We finished our season at McKay High School with a loss in the first round of the playoffs. And while the loss was disappointing, the deepest emotions came from realizing that there would be no more practices with the 11 seniors on the team. No more summer league trips. No more team dinners.
I came to be an assistant at McKay in 2011 when they were sophomores. In that first season, wins were hard to come by at times, but the bond built between coaches and players will last longer than any achievement on the court would. We climbed the standings from 6th in their sophomore year, to 3rd as juniors, and finally to 2nd as seniors.
As a coach, you are often measured by your ability to produce wins, titles, and playoff appearances. This can cause coaches to focus solely on the results as opposed to the process. It’s within the process that relationships are built and expectations are established. These players knew the expectations of the program and held each other accountable.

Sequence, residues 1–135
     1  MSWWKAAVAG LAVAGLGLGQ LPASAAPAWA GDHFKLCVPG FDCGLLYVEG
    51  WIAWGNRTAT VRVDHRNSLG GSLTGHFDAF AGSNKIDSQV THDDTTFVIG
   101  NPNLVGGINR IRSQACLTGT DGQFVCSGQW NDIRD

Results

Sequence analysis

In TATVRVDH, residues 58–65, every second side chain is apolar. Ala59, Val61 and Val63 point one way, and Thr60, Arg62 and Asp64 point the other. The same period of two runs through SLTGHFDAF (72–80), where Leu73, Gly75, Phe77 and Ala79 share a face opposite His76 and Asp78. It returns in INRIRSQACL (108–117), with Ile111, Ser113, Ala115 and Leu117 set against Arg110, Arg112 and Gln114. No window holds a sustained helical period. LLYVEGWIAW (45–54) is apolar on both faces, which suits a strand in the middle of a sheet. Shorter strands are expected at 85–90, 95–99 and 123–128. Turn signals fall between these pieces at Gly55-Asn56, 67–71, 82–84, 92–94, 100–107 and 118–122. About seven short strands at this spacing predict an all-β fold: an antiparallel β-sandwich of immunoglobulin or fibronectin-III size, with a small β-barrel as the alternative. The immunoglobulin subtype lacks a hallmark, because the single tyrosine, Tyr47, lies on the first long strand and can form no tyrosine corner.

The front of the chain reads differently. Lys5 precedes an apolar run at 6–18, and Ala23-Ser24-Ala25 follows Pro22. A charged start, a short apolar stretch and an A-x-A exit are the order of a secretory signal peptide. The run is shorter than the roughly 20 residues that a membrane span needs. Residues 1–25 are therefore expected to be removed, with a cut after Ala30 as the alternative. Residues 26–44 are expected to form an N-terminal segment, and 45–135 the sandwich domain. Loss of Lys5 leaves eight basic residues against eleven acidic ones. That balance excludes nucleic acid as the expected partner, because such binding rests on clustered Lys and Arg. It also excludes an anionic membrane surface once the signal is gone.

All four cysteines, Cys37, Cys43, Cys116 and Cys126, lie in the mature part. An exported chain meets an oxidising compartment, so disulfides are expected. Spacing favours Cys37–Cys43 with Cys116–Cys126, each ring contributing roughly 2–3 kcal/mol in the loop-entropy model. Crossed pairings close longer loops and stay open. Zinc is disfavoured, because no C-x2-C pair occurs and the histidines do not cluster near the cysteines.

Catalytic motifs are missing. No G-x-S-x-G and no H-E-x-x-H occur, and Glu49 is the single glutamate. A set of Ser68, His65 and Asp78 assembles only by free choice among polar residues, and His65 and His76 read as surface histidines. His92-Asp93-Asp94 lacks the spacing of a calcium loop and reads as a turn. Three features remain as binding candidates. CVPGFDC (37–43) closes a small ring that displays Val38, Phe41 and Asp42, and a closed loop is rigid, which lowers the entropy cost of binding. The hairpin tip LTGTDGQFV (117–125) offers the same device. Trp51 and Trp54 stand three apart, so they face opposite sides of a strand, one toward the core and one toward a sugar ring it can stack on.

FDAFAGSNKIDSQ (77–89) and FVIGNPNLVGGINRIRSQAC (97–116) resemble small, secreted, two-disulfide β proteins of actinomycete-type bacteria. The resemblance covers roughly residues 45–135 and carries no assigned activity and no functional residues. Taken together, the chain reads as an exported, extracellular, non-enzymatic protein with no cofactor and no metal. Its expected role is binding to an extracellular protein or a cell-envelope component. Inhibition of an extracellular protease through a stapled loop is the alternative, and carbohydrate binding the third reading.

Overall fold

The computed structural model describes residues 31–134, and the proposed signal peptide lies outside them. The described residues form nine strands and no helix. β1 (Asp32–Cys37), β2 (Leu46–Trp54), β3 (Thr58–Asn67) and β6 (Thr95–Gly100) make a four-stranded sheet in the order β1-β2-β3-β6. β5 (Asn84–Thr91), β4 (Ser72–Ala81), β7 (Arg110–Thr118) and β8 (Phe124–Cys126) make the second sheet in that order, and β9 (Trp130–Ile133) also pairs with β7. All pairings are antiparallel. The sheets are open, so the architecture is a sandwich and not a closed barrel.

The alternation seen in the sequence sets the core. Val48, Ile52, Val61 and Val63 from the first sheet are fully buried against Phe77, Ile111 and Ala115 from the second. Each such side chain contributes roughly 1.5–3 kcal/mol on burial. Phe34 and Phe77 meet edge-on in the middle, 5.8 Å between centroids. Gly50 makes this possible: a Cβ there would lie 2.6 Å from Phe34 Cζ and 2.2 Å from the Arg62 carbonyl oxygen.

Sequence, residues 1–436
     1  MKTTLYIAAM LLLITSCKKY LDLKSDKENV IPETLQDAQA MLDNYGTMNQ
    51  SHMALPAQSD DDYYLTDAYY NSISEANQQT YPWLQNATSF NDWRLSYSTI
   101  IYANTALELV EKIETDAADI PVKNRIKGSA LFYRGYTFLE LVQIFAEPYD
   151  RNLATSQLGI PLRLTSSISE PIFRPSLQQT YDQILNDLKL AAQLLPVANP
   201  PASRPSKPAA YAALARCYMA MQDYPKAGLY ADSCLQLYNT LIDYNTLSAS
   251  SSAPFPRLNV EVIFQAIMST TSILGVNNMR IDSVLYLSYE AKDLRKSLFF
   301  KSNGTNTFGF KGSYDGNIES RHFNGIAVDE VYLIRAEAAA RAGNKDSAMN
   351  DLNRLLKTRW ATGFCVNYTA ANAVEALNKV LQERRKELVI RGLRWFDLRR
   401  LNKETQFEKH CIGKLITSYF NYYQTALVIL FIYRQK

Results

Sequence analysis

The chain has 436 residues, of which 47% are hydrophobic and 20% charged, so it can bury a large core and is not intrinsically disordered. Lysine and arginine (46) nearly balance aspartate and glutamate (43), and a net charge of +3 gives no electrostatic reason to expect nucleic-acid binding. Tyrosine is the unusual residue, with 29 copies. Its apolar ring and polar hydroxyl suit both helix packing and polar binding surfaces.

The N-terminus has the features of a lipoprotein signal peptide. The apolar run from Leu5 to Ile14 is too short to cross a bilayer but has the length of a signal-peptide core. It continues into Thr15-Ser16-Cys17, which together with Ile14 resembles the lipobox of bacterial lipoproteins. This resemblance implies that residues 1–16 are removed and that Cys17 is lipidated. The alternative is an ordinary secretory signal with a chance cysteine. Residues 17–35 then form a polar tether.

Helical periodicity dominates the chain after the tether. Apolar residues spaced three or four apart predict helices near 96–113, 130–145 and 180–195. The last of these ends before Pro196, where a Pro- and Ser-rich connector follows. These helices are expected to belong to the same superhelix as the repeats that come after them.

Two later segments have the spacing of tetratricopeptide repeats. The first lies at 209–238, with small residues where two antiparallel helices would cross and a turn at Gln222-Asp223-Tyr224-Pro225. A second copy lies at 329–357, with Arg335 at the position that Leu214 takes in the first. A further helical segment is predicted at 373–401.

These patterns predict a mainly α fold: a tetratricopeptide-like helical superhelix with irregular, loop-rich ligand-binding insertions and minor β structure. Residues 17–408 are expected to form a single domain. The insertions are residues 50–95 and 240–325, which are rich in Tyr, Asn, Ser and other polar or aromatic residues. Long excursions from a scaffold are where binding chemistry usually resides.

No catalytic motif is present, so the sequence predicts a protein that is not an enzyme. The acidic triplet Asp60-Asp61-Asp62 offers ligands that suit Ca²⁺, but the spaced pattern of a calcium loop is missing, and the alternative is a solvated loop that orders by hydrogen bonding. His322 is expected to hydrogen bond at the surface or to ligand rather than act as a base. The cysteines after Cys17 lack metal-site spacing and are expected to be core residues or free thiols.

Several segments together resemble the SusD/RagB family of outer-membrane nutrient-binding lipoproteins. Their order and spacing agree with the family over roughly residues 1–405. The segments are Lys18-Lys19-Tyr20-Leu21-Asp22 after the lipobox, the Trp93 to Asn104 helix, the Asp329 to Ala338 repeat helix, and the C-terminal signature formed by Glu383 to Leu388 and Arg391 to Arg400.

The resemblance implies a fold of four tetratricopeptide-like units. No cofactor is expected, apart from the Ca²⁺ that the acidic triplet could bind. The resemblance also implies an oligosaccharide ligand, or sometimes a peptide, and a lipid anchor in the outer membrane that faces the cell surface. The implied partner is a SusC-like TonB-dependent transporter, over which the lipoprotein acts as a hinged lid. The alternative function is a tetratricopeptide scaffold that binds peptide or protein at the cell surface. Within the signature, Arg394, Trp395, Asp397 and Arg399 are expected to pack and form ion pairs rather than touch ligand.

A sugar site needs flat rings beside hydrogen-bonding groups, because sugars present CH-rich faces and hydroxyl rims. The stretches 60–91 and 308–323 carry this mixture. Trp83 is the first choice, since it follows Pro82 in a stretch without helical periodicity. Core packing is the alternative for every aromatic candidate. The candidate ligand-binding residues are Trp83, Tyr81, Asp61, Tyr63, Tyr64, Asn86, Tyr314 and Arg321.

Through this process of 3 years, the players have helped me tremendously in my growth as a coach, as a person, and as a Christian. They have also helped me gain a better work ethic and an increased selfless attitude.
I encourage coaches, athletes, and parents to concentrate on the most valuable parts of the athletic experience. Set your goals high, but focus more on the process than the result. It’s within the process that growth happens. Growth that will last longer than any result could.